People today want to be empowered to make the right decision, big or small—and they’re turning to their phones for advice to guide them. We can see this in the data. Mobile searches for “best” have grown 80% in the past two years. And again, it’s not just for high-consideration items or weighty topics. Because they can, people are turning to their phones for information on just about everything. For example, toothbrush searches have grown more than 80% on mobile and searches for “best toothbrush” have grown more than 100% on mobile in the past two years.  Before mobile, doing the research might have been more effort than people cared to expend. Now it’s easy and fast, so we can be confident in any decision we’re making, big or small.

The “right here” consumer

People also expect digital experiences to be made just for them—including experiences that are tailored to the location they’re in right now. Several years ago, marketers were able to deliver this type of relevance by taking explicit cues people gave them. For example, if someone wanted to find a sushi restaurant nearby, their search query would likely include the zip code, area name, or even “near me.” Today, people expect brands to gather enough contextual information to deliver location-specific responses without someone having to search for anything more than just “sushi.”

These expectations transfer to site and app experiences, too. Compared to just a year ago, smartphone users are significantly more likely to purchase from companies whose mobile sites or apps customize information to their location.  Today, people just assume their smartphone will know where they are and will deliver information accordingly.

The “right now” consumer

Ever needed a restaurant reservation at the last minute? What about a hotel room? Or a pharmacy? People turn to mobile more than any other source to help them get things done, make decisions, or purchase. And every day, people are becoming more reliant on their smartphones to help make last-minute purchases or spur-of-the-moment decisions. In fact, smartphone users are 50% more likely to expect to purchase something immediately while using their smartphone compared to a year ago.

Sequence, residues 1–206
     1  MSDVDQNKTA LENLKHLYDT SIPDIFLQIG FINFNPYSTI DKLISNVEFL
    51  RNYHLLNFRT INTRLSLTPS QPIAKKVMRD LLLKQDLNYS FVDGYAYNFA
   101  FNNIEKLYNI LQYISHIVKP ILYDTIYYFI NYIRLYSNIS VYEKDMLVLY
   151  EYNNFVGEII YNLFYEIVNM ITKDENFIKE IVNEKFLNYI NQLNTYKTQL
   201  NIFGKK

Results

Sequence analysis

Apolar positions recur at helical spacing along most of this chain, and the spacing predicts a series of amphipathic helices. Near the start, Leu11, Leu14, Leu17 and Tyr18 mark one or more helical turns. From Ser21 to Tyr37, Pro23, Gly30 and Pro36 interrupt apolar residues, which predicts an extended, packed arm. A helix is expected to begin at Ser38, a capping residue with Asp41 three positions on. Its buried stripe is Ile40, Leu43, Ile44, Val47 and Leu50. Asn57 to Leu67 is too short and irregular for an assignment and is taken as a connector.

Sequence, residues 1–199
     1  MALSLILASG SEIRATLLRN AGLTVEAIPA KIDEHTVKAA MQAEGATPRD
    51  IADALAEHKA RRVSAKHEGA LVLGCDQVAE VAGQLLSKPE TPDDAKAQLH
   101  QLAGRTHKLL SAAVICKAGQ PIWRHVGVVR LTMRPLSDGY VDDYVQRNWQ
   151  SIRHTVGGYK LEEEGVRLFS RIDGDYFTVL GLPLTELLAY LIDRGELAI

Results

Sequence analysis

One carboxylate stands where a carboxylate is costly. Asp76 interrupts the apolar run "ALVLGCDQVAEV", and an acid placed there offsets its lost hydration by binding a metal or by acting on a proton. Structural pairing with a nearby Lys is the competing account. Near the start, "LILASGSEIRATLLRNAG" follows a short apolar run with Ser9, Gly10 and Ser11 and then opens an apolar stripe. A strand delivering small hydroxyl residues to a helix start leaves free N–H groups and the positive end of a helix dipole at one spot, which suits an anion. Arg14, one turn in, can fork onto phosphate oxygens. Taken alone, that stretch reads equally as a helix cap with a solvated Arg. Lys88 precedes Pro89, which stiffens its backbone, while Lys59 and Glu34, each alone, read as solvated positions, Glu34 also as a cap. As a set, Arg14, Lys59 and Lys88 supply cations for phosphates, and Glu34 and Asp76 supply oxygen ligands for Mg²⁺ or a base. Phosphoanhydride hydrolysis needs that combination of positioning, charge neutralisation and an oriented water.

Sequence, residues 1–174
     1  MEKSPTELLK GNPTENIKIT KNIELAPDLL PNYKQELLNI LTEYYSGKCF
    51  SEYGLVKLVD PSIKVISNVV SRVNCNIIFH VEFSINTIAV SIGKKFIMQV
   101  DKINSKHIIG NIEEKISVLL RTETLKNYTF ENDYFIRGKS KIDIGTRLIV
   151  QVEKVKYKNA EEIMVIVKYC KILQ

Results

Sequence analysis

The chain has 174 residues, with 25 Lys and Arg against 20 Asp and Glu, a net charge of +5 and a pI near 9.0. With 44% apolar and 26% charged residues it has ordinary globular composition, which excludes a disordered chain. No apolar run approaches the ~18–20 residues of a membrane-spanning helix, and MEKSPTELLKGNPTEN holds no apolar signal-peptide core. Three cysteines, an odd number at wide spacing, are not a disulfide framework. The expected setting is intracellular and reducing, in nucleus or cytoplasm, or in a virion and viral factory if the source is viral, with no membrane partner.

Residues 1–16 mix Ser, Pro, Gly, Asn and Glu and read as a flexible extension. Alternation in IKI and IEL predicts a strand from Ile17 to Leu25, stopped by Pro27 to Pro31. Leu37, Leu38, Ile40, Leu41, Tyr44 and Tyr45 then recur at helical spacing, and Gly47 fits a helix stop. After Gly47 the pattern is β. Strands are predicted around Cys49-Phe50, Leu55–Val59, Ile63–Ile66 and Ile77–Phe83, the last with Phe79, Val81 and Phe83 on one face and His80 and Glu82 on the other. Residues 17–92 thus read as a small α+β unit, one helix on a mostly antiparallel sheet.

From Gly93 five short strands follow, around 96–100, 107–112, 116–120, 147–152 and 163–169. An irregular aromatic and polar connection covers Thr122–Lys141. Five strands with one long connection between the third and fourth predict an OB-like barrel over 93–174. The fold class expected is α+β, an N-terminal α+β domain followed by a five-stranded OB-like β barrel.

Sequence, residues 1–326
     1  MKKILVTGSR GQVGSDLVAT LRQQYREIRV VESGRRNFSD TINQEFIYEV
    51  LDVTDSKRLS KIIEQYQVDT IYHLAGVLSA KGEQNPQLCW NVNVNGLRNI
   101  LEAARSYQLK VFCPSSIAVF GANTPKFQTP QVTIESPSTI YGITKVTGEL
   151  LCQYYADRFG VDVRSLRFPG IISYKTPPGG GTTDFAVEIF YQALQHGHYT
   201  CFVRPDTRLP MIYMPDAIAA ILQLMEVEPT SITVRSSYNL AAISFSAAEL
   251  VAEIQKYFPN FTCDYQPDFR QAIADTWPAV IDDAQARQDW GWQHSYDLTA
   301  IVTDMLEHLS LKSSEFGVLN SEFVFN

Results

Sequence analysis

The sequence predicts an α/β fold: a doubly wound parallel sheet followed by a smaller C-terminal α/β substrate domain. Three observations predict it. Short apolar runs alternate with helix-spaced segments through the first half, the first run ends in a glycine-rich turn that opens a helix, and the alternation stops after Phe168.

Mobile empowers people to be nimble. They can organize themselves as much (or as little) as they like because they know their smartphone is there for them. And, they expect brands to respond by understanding their needs and addressing them right now.

Looking ahead

These consumer shifts are an inevitability we can plan for. Expectations will only continue to rise. People will want to be more informed, have more personal experiences, and get things done even faster. And as these expectations ratchet up, so do the requirements (and opportunities) for marketers.

Source: thinkwithgoogle.com; July 2017

Marketing to Gen Xers? Here’s What They’re Watching on YouTube

Generation X, born between the mid-1960s and late ’70s, bore witness to the technology revolution. Its members are old enough to remember a time before the internet, but young enough to have adapted quickly to the changing technological landscape.

The incentive for brands to engage this generation on YouTube is, in a word, massive. According to Pixability, Gen Xers account for over 1.5B views every day on YouTube.1

To better understand Gen Xers’ priorities relative to their YouTube engagement, Google conducted qualitative and survey-based research in partnership with Ipsos Connect and Flamingo.2

The findings? Gen Xers’ behaviour on YouTube reflects broadly held assumptions about the generation: their ability to self-start, their love for nostalgia, and their desire to be in the know, just to name a few traits.

Below, check out the stats behind the YouTube behaviour of Gen Xers.

Click here for more on the research article

Source: thinkwithgoogle.com; Jan 2017